Three manufacturers are enough to classify the market as an oligopoly but this overstates the influence of Google’s Pixel phone on the market. Google’s Pixel has a fairly low market share and an even lower profit share in the smartphone market.
Apple and Samsung represent a supermajority of the high-end smartphone revenues and Apple alone is secure in earning a profit selling smartphones. This lack of serious competition in the high-end market segment has allowed Apple to stabilize its earnings and revenues at a high rate that ensures high returns on equity.
Apple’s Services Segment is a Gold Mine
Apple’s management knows that its ecosystem is its greatest competitive advantage. By locking customers into their ecosystem they ensure a high retention rate, but also the ability to up-sell their customers on high-margin value-added services.
These services include Apple’s 30% upfront or 15% recurring revenue cut on App Store purchases. In addition, Apple sells subscription services like Apple News, Apple Music, and Apple TV+. Each of these services increases their average revenue per user (RPU) and deepens the Apple moat against competitors.
All a customer has to do to remain in the Apple Ecosystem is consider any one product or service as indispensable to their daily lives.
Why Apple doesn’t deserve a lower quality rating
The next lowest tier in my business quality ranking system is a “high quality” business. The key differentiator between a high-quality and excellent is the presence of an unassailable competitive advantage.
In this case, Apple’s position as profit leader in an oligopoly provides it with that unassailable competitive advantage which creates durable profits. In addition, their ecosystem is a key differentiation between your typical high-quality company.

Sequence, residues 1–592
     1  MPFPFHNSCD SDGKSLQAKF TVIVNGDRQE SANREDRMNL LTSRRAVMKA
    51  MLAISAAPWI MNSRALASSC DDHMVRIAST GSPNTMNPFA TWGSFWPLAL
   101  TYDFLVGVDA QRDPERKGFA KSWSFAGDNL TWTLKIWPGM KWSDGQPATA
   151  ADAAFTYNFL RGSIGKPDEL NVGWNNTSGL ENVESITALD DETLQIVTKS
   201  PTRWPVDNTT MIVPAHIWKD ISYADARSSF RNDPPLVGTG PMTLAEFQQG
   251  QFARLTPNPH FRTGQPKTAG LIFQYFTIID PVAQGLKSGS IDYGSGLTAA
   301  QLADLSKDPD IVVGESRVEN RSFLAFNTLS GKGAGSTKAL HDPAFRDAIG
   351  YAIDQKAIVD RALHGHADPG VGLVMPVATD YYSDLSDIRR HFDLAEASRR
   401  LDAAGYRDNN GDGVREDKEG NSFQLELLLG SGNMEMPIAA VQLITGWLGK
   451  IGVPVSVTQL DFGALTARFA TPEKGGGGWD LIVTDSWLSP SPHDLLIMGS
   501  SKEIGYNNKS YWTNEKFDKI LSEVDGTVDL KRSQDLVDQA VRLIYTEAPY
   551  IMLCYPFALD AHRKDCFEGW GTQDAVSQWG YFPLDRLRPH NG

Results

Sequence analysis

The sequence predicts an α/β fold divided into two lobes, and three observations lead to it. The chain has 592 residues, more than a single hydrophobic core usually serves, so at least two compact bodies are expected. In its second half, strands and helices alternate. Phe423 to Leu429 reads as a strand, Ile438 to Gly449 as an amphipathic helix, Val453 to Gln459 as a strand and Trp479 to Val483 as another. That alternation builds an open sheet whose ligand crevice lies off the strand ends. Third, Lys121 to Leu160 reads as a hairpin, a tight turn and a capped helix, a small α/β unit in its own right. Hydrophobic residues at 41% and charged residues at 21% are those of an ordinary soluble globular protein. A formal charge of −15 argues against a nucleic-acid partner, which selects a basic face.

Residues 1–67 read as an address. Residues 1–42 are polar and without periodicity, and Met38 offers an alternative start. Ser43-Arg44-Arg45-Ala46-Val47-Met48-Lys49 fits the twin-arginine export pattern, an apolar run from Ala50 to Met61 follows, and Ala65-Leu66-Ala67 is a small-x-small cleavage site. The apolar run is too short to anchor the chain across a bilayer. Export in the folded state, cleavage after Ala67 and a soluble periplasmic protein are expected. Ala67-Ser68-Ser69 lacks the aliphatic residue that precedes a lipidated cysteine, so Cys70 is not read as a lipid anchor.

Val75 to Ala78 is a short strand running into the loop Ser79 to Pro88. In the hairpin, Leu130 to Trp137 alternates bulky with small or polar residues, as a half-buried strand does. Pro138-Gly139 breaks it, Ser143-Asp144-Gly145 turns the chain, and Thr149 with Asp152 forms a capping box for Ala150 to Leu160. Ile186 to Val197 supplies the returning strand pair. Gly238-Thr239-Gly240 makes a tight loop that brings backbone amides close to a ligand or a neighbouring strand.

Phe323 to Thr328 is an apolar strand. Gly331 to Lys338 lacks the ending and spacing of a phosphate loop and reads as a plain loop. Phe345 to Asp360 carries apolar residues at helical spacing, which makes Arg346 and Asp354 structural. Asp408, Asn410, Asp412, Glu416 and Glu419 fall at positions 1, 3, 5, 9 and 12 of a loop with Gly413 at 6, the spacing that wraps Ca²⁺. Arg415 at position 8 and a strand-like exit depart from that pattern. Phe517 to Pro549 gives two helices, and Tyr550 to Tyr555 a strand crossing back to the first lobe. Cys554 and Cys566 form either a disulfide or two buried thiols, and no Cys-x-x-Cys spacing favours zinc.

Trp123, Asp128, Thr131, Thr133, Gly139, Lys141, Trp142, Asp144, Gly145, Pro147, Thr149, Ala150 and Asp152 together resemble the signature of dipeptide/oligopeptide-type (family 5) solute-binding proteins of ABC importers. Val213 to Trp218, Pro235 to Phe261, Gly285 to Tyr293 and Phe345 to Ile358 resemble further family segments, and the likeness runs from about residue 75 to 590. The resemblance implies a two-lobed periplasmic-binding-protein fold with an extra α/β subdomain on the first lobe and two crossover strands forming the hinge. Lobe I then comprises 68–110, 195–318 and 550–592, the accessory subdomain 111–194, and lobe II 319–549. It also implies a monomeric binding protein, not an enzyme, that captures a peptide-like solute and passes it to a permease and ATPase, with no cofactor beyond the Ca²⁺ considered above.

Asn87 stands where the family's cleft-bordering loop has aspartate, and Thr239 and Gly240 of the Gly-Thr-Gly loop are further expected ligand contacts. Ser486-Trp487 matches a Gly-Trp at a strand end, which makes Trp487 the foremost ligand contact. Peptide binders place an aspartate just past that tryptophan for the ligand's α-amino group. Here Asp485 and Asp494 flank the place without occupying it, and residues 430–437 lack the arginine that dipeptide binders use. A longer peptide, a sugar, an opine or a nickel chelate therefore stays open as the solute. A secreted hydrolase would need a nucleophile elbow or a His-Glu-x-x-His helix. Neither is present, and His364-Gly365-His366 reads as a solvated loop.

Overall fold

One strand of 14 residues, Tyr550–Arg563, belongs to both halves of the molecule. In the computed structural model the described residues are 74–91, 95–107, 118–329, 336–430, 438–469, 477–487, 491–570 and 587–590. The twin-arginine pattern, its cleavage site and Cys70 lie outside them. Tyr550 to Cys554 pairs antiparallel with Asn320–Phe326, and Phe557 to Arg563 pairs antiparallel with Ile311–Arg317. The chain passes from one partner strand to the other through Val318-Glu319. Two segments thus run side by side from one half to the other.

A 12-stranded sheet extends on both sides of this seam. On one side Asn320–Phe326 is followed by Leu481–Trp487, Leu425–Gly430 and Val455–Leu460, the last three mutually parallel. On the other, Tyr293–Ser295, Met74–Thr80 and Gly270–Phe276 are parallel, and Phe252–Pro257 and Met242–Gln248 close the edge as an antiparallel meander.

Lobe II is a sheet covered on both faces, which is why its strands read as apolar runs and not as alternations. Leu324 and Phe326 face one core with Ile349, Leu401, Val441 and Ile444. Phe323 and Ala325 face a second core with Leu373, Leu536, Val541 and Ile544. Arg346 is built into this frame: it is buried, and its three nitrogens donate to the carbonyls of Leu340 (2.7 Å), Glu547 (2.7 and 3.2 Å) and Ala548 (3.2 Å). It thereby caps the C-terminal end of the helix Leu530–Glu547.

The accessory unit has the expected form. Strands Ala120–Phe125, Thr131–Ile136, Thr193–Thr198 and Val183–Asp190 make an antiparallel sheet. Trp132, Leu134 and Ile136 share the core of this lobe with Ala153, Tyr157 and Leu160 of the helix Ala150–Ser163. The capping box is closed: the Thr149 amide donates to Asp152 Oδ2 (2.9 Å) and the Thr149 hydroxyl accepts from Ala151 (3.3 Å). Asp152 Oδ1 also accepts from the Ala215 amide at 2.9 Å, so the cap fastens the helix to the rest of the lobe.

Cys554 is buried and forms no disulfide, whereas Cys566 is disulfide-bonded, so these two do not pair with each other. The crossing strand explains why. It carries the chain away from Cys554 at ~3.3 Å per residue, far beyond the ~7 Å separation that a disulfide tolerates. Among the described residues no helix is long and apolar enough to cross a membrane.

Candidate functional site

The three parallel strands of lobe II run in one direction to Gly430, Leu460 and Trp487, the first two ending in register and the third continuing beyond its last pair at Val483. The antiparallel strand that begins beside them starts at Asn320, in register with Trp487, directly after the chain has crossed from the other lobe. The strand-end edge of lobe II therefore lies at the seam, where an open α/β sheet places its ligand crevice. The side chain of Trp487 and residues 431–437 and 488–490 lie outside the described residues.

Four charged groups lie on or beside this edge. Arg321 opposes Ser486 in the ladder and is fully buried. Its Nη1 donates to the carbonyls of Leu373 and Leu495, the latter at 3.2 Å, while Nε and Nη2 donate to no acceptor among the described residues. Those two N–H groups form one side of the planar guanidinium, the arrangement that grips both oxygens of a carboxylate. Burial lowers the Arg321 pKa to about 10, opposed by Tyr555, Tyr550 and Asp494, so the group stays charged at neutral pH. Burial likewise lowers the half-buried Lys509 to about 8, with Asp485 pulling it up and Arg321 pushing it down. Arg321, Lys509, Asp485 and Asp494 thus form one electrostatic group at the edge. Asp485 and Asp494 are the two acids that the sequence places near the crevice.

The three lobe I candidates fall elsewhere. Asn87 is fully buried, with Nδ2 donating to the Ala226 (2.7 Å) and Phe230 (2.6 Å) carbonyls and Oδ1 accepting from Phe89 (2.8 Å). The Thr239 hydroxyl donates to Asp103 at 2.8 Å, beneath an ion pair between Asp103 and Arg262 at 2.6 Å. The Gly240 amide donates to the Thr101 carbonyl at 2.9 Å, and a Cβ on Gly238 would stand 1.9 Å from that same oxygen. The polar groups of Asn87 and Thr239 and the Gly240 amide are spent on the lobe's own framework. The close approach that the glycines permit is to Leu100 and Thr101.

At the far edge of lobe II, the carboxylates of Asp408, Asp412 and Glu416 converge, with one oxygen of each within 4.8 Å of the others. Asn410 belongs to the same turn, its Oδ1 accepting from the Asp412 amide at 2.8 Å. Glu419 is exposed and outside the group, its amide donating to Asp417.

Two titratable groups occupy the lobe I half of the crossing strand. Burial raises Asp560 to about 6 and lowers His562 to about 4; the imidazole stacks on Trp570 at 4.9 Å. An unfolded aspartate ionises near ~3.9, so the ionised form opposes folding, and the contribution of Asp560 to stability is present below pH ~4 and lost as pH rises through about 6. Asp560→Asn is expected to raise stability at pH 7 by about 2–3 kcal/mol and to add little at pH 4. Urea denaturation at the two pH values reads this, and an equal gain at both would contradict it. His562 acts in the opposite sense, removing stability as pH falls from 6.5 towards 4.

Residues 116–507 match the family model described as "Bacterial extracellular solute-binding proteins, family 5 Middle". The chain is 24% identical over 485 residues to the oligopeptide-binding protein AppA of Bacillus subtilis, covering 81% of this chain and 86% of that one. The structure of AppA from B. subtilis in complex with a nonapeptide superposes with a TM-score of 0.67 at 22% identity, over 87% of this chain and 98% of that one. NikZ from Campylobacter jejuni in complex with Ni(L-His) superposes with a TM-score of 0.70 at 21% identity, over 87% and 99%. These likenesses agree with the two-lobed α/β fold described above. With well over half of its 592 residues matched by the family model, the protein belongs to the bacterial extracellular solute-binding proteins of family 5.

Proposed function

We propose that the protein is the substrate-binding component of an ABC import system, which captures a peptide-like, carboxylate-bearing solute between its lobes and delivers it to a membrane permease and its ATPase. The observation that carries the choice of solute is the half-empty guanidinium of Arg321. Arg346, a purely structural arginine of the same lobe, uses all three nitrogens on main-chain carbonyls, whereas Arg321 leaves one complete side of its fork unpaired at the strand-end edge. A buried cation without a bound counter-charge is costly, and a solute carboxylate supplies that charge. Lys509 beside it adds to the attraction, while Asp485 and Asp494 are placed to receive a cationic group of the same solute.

I would downgrade Apple’s quality rating to “high quality” if I felt that their ecosystem or the lack of competitors no longer provided a large enough moat. This is quite possible as the lifecycle of technology products is shorter than most other consumer discretionary products.
Why Apple doesn’t deserve a higher quality rating
The next highest tier in my business quality ranking system is a “generational” business. The key differentiator between an excellent and generational business is the long-term durability of after-tax after-inflation cash flows.
Apple’s business as a technology-focused consumer discretionary prevents Apple from ever being granted such a generational quality rating. In order to add Apple to the ranks of a “generational quality” business, I would need to feel comfortable projecting Apple’s future cash flows out 10, 20, or more years into the future.
New technology could quickly obsolete Apple’s entire business model. While this seems unlikely today, I think that many would have said the same about Nokia or Blackberry less than two decades ago.
I believe that Apple is unlikely to ever achieve a generational quality ranking for this reason.
- Personal experience owning numerous Apple products.
- Apple’s corporate investor website